Can Investors Trust Tempur-Pedic Again?
Soroush is a member of The Motley Fool Blog Network -- entries represent the personal opinion of the blogger and are not formally edited.
There are very few products that have completely revolutionized their respective markets. Tempur-Pedic International’s (NYSE: TPX) TEMPUR memory foam is one such product. Originally developed by NASA as an astronaut seat-cushion (as seen here) in the 1970s, the TEMPUR memory foam we’ve all come to love was introduced to commercial markets in 1991. Touted as one of the most comfortable ways to catch some shuteye, the company's stock has historically helped investors sleep at night. All overly predictable euphemisms aside, TPX has been a good investment since the recession, returning 125.7 percent in the past three years.
Since April, however, shares of TPX have been hit hard, falling from the $80 range to a current price near $24 a share. WealthLift’s Sentiment Index has tracked a similar decline, as investors have widely varying opinions on the stock’s future. Now, this decline was the result of a massive guidance readjustment, in which TPX execs revised the company’s quarterly earnings outlook from $0.86 to $0.36 a share. By year’s end, Tempur-Pedic is expecting sales to stay flat around $1.4 billion, after growing its top line by more than 25 percent in each of the past two years. Much of this stagnancy has been blamed on increased competition from Sealy (NYSE: ZZ), Simmons, and Serta, all of which have traditionally relied on coil mattresses for most of their sales. Despite Tempur-Pedic’s best efforts at cost cutting – predominantly in the advertising arena – its analysts are still expecting 2012 earnings to be $2.70 a share, down from 2011’s EPS of $3.18.
Now, from a valuation standpoint, it is possible that the bears may have gotten a bit carried away. At present, shares of TPX are trading at a PE ratio of 7.1X, way below the industry average (20.5X), its own 5-year historical average (16.0X), and competitors like Select Comfort (NASDAQ: SCSS) at 18.4X, Mattress Firm Holding (NASDAQ: MFRM) at 19.7X, Leggett & Platt (NYSE: LEG) at 20.0X, and Sealy at 37.6X. Yes, the company’s earnings revisions were drastic, but this does not mean that shares won’t recover to historically normal valuations over the long-term.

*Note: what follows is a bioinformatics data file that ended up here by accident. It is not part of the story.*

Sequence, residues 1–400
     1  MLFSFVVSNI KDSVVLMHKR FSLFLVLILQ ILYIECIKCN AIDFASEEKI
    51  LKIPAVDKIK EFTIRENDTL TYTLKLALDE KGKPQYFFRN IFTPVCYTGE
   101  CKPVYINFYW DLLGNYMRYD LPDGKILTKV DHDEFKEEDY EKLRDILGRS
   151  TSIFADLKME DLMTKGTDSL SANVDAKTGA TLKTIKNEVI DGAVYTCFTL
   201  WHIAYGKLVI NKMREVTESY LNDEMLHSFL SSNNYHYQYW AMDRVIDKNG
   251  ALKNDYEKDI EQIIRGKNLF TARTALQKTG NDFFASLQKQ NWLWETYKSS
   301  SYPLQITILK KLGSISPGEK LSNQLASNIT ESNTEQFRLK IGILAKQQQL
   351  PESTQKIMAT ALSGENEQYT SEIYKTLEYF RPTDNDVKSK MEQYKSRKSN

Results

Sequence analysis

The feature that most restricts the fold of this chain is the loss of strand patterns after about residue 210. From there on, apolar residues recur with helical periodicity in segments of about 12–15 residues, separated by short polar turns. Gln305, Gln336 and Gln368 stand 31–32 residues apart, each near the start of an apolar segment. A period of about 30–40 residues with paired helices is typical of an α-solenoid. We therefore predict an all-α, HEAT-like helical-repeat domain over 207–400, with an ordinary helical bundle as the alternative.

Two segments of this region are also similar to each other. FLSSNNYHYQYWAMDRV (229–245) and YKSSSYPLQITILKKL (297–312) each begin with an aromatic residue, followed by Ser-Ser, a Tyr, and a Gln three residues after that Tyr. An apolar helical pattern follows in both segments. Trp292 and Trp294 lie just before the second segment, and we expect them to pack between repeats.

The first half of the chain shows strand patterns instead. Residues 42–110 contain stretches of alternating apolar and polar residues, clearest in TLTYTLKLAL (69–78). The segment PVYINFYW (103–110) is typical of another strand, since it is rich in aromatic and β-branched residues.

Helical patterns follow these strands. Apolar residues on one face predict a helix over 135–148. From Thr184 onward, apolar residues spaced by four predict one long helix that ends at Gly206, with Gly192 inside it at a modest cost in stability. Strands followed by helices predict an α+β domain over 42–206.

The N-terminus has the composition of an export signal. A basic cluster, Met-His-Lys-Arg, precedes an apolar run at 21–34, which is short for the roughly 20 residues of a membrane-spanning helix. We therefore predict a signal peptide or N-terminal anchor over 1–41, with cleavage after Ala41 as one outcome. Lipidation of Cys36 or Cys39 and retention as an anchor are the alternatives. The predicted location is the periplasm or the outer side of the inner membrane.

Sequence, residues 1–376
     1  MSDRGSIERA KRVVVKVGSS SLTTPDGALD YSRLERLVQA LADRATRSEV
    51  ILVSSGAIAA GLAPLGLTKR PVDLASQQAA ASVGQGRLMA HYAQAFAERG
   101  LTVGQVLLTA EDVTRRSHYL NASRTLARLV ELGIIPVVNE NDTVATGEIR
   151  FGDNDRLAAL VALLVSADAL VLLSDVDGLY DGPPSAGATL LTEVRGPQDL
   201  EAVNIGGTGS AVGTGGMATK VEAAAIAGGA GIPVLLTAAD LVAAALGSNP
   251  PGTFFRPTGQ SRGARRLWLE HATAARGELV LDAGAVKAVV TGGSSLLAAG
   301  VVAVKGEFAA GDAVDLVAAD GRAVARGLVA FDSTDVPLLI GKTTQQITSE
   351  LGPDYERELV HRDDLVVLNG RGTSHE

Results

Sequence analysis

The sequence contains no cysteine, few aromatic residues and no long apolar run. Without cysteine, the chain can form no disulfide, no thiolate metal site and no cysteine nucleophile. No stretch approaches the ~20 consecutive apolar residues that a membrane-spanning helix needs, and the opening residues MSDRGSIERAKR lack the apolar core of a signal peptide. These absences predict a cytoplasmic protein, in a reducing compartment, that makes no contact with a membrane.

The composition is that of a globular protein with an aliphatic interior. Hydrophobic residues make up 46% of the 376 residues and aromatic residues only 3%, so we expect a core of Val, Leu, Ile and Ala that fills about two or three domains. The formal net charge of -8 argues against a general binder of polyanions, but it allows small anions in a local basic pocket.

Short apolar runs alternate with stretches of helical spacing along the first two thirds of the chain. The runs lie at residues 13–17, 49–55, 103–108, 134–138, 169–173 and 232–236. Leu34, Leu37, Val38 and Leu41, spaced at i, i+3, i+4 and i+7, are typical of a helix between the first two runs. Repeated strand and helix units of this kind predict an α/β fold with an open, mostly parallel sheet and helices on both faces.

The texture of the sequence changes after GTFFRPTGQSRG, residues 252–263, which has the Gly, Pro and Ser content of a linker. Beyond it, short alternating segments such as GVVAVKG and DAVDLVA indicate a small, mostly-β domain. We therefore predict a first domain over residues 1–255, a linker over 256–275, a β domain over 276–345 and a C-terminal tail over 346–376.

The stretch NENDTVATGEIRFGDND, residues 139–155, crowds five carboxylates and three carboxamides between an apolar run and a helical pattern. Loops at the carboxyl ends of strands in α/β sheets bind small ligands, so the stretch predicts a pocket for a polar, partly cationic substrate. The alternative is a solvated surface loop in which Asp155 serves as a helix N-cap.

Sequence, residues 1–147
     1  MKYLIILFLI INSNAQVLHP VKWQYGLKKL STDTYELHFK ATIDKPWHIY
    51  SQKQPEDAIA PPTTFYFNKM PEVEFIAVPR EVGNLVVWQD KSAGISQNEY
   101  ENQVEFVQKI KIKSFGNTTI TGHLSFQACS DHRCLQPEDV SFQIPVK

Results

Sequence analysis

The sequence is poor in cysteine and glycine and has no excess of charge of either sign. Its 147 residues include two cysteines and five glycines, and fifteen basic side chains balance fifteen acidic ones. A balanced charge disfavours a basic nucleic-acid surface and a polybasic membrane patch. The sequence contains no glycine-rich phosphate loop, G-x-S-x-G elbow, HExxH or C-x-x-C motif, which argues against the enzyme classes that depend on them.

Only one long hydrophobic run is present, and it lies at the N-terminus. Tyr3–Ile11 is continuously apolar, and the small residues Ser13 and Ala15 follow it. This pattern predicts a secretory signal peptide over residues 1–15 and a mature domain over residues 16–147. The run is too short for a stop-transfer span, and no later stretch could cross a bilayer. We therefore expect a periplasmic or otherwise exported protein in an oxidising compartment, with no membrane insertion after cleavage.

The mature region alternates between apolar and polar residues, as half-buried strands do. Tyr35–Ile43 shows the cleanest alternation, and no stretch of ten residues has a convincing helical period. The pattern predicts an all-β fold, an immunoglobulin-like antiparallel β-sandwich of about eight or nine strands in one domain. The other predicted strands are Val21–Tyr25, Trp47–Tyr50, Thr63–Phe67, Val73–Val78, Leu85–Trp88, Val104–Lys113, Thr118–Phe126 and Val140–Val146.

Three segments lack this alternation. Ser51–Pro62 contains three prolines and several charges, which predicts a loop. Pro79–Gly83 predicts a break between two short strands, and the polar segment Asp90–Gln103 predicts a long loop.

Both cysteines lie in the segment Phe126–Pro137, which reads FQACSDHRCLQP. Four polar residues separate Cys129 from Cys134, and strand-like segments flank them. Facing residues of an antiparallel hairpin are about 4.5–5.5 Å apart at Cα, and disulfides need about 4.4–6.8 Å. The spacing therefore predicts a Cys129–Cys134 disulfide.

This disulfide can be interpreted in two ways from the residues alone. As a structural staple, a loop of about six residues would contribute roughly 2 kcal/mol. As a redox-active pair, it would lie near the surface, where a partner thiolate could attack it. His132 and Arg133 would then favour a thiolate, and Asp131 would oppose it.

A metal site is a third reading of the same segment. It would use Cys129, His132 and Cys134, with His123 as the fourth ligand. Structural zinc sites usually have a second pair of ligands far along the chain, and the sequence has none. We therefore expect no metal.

By 2013, analysts are expecting the company to get back on its growth-train, finishing the year with an EPS around $3.00. When this is factored into the equation, TPX looks to have an attractive PEG ratio of 0.6; typically, any figure below 1.0 signals undervaluation. At current levels, Tempur-Pedic’s earnings are trading at a 52 percent discount to those of the S&P 500 Index. Historically speaking, shares of TPX have been held with much higher esteem, having been valued at a 6 percent premium over the past half-decade.
It’s obvious that this underappreciation has to do with the company’s earnings revision, but if it is able to meet 2013 EPS estimates, shares can return to at least a fraction of their previous levels. Using the ’13 EPS estimate of $3.00, fairly valued shares of TPX would eclipse $48 by the end of next year. Even if the stock’s valuation stays depressed by half, it should reach $30 a share. Currently, it trades in the $24 range.
Going forward, Tempur-Pedic still has an advantage in efficiency, sporting operating (23.8%) and net (15.4%) margins much higher than the industry averages of 5.7 and 3.7 percent respectively. At its current valuation, the markets are viewing TPX as a clear straggler in its industry, but these numbers indicate that this is simply not the case. This is still the same company that grew its EPS (59.1%) and cash flows (8.5%) by impressive annual rates since the recession, so it is not fair to completely forget these gains. Such is life in our current market environment however, as investors remain ready to dump their holdings on a whim. Heck, with market forecasts like this one, this attitude is understandable.
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Fool blogger Jake Mann doesn't own shares in any of the companies mentioned in this article. The Motley Fool owns shares of Tempur-Pedic International. Try any of our Foolish newsletter services free for 30 days. We Fools may not all hold the same opinions, but we all believe that considering a diverse range of insights makes us better investors. The Motley Fool has a disclosure policy.If you have questions about this post or the Fool’s blog network, click here for information.